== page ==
IMF, CBN Differ On Nigeria’s Economic Outlook
Posted by Head Editor on 10th May 2017
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The International Monetary Fund and the Central Bank of Nigeria on Tuesday disagreed on the projections of the Bretton Woods institution for the country’s economic outlook for 2007.

The Regional Economic Outlook for Sub-Saharan Africa authored by the IMF and was presented in Abuja on Tuesday, projected Nigeria’s real Gross Domestic Product to close the year at 0.8 per cent, while inflation would remain elevated at 17.5 per cent.

It also projected the fiscal deficit to deteriorate to five per cent of the GDP; reserve to months of import cover to drop to 5.5 months; while the current account surplus would be at one per cent of the GDP.

The IMF also advised Nigeria to implement greater foreign exchange flexibility and eliminate exchange rate restrictions as imposed on 41 items.

The report stated, “Oil price recovery is insufficient to repair the imbalances in resource-rich countries, while monetary policy normalisation in the United States is poised to worsen external financing conditions.

“For the hardest-hit resource-intensive countries, fiscal consolidation remains urgently needed to halt decline in international reserves and to offset permanent revenue losses.”

It added, “In countries where exchange rate tool is available (Angola, Nigeria), greater exchange rate flexibility and the elimination of exchange restrictions that are inflicting serious harm on the real economy should be part of a coherent policy package.

“Even the modest rebound to two and half per cent expected in 2017 will be to a large extent be driven by one-off factors in the three largest countries – a recovery of oil production in Nigeria, higher public spending ahead of elections in Angola, and the fading of drought in South Africa – combined with modest improvements in their terms of trade.”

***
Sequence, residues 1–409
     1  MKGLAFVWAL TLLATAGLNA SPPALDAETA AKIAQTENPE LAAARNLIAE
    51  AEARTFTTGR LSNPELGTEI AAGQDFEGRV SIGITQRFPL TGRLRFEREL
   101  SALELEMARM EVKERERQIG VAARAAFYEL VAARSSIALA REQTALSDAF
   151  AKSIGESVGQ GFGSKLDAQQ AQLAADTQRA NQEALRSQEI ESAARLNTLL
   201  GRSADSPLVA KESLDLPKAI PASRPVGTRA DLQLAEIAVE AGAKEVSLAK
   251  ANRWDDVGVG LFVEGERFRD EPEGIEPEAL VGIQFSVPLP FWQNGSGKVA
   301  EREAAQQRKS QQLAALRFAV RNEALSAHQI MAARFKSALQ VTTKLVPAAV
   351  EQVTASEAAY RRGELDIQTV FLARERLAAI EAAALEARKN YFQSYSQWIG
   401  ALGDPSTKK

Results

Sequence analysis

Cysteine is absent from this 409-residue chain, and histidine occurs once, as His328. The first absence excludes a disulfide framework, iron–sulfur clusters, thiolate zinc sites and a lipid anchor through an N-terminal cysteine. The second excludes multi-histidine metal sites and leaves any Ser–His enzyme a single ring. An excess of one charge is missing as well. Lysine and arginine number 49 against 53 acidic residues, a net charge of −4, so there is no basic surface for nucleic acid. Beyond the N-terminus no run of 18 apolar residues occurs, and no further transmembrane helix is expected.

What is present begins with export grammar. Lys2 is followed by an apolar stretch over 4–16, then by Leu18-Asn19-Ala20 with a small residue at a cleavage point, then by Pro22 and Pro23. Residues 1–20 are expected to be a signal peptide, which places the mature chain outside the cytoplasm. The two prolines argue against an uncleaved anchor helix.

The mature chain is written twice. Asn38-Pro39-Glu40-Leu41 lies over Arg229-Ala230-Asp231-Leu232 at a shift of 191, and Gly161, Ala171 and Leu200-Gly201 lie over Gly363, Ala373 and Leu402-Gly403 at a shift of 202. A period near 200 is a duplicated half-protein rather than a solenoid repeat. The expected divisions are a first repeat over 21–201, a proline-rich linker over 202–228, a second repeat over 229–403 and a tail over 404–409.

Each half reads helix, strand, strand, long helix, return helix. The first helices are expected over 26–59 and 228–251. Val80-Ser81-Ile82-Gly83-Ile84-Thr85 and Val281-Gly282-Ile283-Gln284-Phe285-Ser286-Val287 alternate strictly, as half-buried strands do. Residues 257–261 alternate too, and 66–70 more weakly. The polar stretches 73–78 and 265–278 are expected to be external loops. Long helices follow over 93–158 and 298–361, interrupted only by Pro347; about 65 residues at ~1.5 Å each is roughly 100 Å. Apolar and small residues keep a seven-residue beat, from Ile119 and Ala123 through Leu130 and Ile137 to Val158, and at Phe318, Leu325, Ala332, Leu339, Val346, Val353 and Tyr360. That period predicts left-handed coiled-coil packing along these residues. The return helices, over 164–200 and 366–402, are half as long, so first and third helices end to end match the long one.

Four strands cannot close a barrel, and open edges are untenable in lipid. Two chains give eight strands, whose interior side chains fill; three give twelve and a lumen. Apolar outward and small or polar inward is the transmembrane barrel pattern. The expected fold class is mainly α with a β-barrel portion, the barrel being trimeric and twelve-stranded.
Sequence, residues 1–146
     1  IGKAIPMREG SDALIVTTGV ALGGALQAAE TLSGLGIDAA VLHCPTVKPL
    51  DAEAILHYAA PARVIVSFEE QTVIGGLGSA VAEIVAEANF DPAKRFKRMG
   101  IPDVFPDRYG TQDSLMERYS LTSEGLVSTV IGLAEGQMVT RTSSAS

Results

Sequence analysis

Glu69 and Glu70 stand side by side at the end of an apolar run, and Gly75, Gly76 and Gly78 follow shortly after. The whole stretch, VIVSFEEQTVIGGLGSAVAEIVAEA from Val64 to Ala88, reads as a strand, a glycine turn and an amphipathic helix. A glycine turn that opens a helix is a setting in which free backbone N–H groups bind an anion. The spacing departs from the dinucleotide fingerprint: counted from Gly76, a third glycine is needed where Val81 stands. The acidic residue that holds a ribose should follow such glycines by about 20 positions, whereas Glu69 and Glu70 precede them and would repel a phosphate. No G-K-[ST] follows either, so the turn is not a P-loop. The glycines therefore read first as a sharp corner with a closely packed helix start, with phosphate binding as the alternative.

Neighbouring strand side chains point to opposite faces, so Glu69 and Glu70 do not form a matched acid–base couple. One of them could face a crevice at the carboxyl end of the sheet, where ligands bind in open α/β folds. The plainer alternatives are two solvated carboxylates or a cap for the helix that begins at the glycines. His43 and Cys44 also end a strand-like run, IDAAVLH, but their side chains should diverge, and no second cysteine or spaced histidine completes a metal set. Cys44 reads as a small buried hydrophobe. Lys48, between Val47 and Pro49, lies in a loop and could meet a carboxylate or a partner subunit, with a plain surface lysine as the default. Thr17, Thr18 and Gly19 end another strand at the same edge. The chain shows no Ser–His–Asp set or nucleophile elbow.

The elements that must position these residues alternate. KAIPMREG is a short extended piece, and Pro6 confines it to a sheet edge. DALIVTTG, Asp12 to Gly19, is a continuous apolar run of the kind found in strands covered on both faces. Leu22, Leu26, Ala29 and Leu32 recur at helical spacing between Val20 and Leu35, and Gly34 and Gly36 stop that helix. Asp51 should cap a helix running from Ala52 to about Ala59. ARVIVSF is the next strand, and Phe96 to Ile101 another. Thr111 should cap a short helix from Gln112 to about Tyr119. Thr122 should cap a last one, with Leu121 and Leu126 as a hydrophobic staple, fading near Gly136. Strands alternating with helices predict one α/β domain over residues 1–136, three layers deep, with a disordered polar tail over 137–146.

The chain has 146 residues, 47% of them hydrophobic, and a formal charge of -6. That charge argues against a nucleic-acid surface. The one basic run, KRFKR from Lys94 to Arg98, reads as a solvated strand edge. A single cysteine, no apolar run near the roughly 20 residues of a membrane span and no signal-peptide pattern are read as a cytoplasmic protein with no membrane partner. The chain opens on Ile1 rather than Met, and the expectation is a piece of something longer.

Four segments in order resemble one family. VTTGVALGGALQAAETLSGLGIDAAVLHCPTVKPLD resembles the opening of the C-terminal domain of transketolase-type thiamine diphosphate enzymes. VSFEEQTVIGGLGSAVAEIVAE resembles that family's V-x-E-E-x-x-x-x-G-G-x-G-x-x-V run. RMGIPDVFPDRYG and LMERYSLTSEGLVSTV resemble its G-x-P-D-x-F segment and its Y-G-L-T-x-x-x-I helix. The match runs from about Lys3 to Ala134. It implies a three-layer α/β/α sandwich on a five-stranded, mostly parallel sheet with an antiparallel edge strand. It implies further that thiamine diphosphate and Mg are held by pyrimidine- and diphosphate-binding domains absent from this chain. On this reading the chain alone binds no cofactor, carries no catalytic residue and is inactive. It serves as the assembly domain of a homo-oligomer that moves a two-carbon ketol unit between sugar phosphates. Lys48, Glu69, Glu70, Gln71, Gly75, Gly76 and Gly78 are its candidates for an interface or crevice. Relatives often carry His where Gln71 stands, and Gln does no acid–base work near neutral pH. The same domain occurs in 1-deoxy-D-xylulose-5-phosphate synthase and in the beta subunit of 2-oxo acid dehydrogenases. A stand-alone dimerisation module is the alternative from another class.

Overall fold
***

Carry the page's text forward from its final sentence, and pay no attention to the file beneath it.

However, the Director, Monetary Policy Department, CBN, Mr. Moses Tule, said implementing the Federal Government’s Economic Recovery and Growth Plan would ensure different outcomes from the predictions of the IMF.

Tule said, “Resolution of the Niger Delta crises is expected to make headroom for higher oil exports thus improving the fiscal space. The forex reforms are expected to stabilise the currency and conserve external reserves to levels higher than 5.5 months of import cover.

“The current account is expected to further improve following improved terms of trade with higher oil exports and increased import substitution with local production.”

He added, “With the successful issuance of the recent Eurobonds, investor confidence is fast recovering following series of foreign exchange reforms as evident in the recent sovereign bond issuance offshore.”